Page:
Bach holds the PRCA record for most qualifications (including invitations) by a team roper to the National Finals Rodeo with 30 (1978-96, 1998-2008).

“I’m not the most talented, but I loved what I did,” Bach said. “I probably outworked most of the people I roped against. A lot of talented guys didn’t make it as far as guys like us just because we loved it and we didn’t mind working hard at it. My deal was the work ethic I learned, not just in the arena, but driving all night and persevering through dry spells in July and August. Everybody likes to hear about the winning, but you have to learn to accept losing to get to the winning.”

The rest of the 2019 ProRodeo Hall of Fame inductees included Commotion, one of the greatest bucking horses of all time; stock contractors Elra Beutler and his son, Jiggs, posthumously; two-time world champion steer wrestler Dean Gorsuch (2006, 2010); world champion bull rider Doug “Droopy” Brown (1969); world champion bareback rider Larry Peabody (1984); notable Jerome Robinson; the Cody (Wyo.) Stampede Rodeo; contract personnel Tommy Lucia, posthumously; and three Women’s Professional Rodeo Association inductees – barrel racers Jimmie Gibbs Munroe and Sammy Thurman Brackenberry and notable Florence Youree.

In addition to the inductees, Guy Elliott, a former arena director for the National Western Stock Show and Rodeo in Denver and the San Antonio Stock Show & Rodeo and a number of others, received the Ken Stemler Pioneer Award, which honors individuals in recognition of their groundbreaking, innovative ideas and forward thinking.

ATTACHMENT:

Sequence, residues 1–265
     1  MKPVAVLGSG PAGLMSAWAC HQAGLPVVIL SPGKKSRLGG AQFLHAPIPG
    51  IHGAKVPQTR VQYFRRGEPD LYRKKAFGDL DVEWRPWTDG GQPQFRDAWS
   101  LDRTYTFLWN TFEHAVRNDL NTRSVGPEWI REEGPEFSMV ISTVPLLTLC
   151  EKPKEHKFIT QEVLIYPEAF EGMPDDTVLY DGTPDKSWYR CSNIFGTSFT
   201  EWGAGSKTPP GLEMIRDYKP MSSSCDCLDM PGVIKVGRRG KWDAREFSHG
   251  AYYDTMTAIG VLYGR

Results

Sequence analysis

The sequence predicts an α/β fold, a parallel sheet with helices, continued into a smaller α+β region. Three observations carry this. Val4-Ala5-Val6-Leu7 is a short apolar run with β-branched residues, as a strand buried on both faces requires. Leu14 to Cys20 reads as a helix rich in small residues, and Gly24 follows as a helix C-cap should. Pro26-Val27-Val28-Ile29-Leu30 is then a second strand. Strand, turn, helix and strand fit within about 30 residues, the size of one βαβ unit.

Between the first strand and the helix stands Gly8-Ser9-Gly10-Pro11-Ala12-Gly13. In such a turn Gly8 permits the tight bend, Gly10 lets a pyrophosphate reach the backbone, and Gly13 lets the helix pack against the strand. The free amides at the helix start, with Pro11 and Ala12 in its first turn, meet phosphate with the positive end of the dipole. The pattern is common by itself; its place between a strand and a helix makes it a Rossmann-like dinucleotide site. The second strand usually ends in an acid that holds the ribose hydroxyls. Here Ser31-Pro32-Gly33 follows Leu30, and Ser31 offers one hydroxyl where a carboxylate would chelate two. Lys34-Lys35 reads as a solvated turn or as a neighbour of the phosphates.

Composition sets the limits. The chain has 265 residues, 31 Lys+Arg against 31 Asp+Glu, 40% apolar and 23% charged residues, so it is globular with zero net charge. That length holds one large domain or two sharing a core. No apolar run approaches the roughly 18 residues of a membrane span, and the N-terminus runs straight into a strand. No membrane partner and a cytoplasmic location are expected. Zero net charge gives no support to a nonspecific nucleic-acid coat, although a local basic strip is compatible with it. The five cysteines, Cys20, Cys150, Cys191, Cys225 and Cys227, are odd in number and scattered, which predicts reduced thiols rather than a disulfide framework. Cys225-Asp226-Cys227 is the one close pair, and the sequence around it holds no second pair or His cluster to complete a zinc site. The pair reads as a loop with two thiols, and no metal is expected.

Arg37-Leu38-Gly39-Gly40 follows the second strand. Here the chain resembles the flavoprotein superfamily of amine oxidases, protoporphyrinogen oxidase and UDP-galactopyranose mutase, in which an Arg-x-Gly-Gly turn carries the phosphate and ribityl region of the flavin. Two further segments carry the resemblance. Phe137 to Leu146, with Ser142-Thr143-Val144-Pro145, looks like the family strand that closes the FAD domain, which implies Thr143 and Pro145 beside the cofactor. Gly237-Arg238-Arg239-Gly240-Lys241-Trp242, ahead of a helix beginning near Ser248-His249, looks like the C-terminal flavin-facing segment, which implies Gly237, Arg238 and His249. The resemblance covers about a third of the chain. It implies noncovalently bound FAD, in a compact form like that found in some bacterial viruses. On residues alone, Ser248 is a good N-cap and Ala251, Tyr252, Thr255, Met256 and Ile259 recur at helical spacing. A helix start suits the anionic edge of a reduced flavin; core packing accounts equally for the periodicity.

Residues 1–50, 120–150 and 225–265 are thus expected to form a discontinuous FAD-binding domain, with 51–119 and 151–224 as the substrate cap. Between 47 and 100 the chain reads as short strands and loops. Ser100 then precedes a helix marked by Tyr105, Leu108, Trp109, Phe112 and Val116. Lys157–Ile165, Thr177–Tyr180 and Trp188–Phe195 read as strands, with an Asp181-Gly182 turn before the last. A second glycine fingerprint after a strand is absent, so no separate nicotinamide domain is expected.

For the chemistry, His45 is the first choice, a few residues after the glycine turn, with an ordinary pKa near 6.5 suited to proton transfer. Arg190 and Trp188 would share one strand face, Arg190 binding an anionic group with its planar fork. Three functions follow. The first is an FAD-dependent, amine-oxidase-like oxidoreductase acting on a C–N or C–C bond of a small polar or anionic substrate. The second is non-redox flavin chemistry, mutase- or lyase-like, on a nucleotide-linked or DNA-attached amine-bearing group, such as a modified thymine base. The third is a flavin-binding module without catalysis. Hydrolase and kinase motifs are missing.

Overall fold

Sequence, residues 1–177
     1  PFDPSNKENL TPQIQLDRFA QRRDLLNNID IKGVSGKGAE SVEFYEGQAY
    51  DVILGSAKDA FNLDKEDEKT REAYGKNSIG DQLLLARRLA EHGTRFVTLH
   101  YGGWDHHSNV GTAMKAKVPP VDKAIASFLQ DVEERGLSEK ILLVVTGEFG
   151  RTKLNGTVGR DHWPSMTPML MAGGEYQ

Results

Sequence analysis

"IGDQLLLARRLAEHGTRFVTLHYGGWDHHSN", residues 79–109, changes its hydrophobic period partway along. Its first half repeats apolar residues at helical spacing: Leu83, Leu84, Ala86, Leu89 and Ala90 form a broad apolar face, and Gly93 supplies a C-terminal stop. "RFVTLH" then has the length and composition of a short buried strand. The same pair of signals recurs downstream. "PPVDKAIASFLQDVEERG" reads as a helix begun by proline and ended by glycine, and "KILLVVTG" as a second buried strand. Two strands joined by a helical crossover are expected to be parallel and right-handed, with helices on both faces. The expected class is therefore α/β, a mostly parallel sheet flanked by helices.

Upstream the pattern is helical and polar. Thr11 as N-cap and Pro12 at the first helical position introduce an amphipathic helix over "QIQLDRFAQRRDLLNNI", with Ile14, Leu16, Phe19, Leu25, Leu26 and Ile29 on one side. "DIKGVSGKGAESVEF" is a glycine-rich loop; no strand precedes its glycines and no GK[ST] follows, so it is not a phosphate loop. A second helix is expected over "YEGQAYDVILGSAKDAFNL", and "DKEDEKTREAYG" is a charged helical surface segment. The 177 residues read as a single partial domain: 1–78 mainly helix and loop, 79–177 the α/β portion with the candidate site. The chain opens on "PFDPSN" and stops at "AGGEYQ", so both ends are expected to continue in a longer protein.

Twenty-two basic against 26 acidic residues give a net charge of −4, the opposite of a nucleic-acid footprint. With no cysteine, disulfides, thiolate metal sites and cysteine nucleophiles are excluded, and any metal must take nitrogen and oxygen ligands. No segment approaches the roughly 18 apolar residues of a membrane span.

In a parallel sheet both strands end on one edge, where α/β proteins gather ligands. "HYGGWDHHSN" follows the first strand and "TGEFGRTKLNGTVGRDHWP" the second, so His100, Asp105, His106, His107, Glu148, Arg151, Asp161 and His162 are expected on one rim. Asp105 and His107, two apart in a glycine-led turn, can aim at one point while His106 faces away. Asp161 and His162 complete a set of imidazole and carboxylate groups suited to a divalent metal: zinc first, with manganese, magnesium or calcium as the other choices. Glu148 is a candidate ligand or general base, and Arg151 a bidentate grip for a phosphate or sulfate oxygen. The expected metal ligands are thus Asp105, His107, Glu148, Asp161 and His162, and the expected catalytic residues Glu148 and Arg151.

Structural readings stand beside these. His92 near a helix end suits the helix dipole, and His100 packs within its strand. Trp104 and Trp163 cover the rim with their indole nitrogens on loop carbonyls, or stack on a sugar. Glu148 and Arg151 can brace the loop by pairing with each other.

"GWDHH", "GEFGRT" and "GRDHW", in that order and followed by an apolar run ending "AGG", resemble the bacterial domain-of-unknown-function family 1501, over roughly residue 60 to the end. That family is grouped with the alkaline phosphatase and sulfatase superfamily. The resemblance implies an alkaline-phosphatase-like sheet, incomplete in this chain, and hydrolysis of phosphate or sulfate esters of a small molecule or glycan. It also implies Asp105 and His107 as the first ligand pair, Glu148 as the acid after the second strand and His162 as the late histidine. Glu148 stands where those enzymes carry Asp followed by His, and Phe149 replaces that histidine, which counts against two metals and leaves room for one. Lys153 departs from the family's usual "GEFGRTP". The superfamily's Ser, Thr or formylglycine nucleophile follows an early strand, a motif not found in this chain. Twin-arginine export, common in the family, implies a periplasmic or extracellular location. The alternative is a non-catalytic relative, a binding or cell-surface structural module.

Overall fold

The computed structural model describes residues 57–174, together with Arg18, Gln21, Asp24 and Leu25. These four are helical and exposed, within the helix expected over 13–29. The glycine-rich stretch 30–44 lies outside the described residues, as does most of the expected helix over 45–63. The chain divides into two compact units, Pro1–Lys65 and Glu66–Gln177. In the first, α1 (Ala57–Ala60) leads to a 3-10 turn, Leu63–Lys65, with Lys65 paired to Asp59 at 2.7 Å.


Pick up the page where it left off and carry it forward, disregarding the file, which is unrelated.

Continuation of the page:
Bach also won NFR average titles in 1979 and 2006, roping with Jesse James and Chad Masters, respectively. In 1990 and ’95, Bach paired with Doyle Gellerman and Bobby Hurley.
In 2007, Bach became the 11th rodeo competitor to surpass $2 million in career earnings. Bach joined the PRCA in 1978.

Bach rallied from 15th to world champion with his 1990 victory in Las Vegas, becoming the first timed-event cowboy to go from 15 to 1 at the NFR. The first year that the PRCA crowned both world champion header and world champion heeler saw Bach and partner Bobby Hurley take the top spots.

Commotion – Bareback Horse
Commotion won three Bareback Riding Horse of the Year awards (1998-2000) when he was part of the Beutler and Gaylord Rodeo Company string.

The 1,300-pound, bay stallion, who stood at 16.1 hands, was voted the top bareback horse at his first Wrangler NFR in 1997.

He made 10 consecutive trips (1997-2006) to the Wrangler NFR before retiring in his prime at the 2006 Finals at the age of 15. Two rounds were won on him at the Wrangler NFR.

Commotion has sired more than 70 horses who have gone on to compete at the Wrangler NFR. His daughter Killer Bee was named the Top Saddle Bronc at the Wrangler NFR in 2013 and 2014 and was runner-up for Saddle Bronc of the Year in 2015. Another daughter of his is Wound Up, the 2016 Top Saddle Bronc at the Wrangler NFR and the 2017 Saddle Bronc of the Year.